Martinez is coming off a tough 11th-round stoppage of previously undefeated, English-fighter Darren Barker. Macklin, the European middleweight champion, is coming off a hotly disputed decision loss to hometown winner Felix Sturm. Macklin's refusal to accept Sturm's negotiating tactics have paid off in the form of a title shot against the Argentinian champion. Whether he's the most deserved challenger for the crown is disputed. But he is a marketable fighter for the times in New York City.

In the three-plus years since Martinez raised eyebrows by beating fringe contender Alex Bunema, he has been on a tear.  But the fight that catapulted him to boxing's ceiling was his jaw-dropping one-punch kayo of previously iron-chinned Paul "The Punisher" Williams. Unfortunately for King Sergio, the glass ceiling has proven much thicker than its original appearance. Since he is deemed too big for Floyd Mayweather and Manny Pacquiao, boxing's power brokers, and too small for the super middleweight division.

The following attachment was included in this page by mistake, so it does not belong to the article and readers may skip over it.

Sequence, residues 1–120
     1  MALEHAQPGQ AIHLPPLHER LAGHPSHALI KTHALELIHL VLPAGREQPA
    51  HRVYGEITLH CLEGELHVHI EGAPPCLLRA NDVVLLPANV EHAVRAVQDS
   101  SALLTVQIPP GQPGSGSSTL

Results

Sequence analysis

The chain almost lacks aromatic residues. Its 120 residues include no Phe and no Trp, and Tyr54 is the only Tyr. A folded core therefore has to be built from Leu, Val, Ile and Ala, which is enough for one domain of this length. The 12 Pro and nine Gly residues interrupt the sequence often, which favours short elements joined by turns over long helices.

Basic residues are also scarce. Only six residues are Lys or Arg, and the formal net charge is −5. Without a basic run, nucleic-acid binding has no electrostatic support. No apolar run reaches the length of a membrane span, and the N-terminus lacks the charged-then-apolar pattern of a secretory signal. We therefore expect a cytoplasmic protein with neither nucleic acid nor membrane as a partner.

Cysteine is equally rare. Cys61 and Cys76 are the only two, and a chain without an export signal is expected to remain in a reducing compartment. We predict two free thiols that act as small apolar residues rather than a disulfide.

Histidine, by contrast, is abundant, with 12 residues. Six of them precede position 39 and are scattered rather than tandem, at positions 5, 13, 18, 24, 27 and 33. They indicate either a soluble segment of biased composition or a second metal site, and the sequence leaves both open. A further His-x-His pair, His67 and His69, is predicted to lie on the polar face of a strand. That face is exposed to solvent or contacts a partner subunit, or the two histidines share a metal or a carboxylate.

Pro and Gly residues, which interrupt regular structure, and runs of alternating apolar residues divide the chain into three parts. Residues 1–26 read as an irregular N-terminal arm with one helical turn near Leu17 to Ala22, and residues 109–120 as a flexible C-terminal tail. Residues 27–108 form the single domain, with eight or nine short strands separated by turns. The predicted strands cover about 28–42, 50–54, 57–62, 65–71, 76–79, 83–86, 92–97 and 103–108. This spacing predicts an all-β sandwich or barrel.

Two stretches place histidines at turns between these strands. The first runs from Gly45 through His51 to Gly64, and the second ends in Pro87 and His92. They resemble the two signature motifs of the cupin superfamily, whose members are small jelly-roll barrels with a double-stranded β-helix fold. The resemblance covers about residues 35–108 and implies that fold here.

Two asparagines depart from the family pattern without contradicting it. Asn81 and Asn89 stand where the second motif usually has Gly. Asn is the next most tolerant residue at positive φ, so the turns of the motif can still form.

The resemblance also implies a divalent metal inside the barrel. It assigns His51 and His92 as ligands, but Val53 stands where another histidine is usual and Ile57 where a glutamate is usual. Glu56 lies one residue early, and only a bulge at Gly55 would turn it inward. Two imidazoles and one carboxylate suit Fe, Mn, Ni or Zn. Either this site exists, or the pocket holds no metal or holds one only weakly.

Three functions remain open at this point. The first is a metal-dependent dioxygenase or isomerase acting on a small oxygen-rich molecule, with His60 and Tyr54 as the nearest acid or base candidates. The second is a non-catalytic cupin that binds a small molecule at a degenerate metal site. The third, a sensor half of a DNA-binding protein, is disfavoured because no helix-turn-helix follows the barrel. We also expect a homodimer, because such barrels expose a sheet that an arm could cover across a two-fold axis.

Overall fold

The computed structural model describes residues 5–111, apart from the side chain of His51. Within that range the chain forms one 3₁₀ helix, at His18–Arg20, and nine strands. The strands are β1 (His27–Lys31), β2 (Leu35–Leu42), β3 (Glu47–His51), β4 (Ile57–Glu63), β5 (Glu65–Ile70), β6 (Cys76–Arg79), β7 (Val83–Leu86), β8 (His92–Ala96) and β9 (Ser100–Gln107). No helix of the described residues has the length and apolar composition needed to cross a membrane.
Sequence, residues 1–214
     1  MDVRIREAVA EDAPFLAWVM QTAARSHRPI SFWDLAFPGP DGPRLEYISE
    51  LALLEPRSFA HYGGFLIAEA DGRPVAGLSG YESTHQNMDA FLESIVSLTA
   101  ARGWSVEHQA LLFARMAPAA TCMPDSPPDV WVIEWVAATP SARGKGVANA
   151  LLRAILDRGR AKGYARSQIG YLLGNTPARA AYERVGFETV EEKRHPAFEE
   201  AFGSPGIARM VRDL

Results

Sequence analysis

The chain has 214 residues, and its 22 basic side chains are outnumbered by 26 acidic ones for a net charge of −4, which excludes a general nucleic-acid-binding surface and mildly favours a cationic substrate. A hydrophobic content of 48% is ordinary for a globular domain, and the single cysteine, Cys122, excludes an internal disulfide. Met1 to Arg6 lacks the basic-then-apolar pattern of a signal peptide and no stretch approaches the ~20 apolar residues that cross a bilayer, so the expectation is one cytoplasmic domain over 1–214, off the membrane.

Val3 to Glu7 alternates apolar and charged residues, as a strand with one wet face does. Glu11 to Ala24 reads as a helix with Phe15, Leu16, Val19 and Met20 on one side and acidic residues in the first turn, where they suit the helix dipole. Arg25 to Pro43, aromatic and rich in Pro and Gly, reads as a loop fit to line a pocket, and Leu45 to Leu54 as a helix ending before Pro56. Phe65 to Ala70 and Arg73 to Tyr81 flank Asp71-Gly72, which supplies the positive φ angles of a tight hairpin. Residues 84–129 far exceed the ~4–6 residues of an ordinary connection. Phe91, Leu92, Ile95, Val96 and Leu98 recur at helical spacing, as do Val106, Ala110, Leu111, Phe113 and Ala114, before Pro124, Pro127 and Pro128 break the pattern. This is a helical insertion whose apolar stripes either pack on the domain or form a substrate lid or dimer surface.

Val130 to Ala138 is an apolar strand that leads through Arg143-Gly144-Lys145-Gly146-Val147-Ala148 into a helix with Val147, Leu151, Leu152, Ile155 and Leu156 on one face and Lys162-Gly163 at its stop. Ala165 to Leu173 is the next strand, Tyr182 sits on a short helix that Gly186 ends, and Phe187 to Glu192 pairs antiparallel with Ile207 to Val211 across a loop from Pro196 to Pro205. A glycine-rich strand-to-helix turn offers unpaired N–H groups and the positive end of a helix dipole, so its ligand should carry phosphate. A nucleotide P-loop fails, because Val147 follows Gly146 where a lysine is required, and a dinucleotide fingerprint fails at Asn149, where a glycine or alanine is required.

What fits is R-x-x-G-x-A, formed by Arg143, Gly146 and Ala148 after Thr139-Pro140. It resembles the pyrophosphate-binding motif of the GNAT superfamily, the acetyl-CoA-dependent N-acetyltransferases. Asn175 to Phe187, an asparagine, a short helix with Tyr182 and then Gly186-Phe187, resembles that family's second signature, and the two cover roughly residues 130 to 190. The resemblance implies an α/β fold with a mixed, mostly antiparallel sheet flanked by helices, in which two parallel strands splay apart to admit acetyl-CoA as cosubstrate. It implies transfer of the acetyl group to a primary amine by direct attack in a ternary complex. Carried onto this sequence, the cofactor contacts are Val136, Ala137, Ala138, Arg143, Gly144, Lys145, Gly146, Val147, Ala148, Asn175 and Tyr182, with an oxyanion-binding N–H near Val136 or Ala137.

Macklin, who is coming down in weight following his close battle with Sturm, proves to be the best money-making opportunity for Martinez in a division not void of tough contenders but void of tough seat sellers. Until Martinez, who moved up to the middleweight division, decides which way he wants to play with his weight, he will have his hands full with Macklin, a straight ahead brawler who will gladly take punches in return for winging his own.

This fight is coming off the heels of a classic slugfest handed in by Juan Manuel Lopez and Orlando Salido in the now-classic rematch. Whether Martinez's herky-jerky, inviting style will produce fireworks is unsure. What is sure is that Macklin will have to produce a Herculean effort to dethrone middleweight's current king.

Wednesday, March 7, 2012

Muay Thai at Madison Square Garden



Until MMA is legalized in NY, fans should buy tickets to attend Muay Thai at The Garden next Friday, March 16 at 7:30 p.m. Support the combat sports!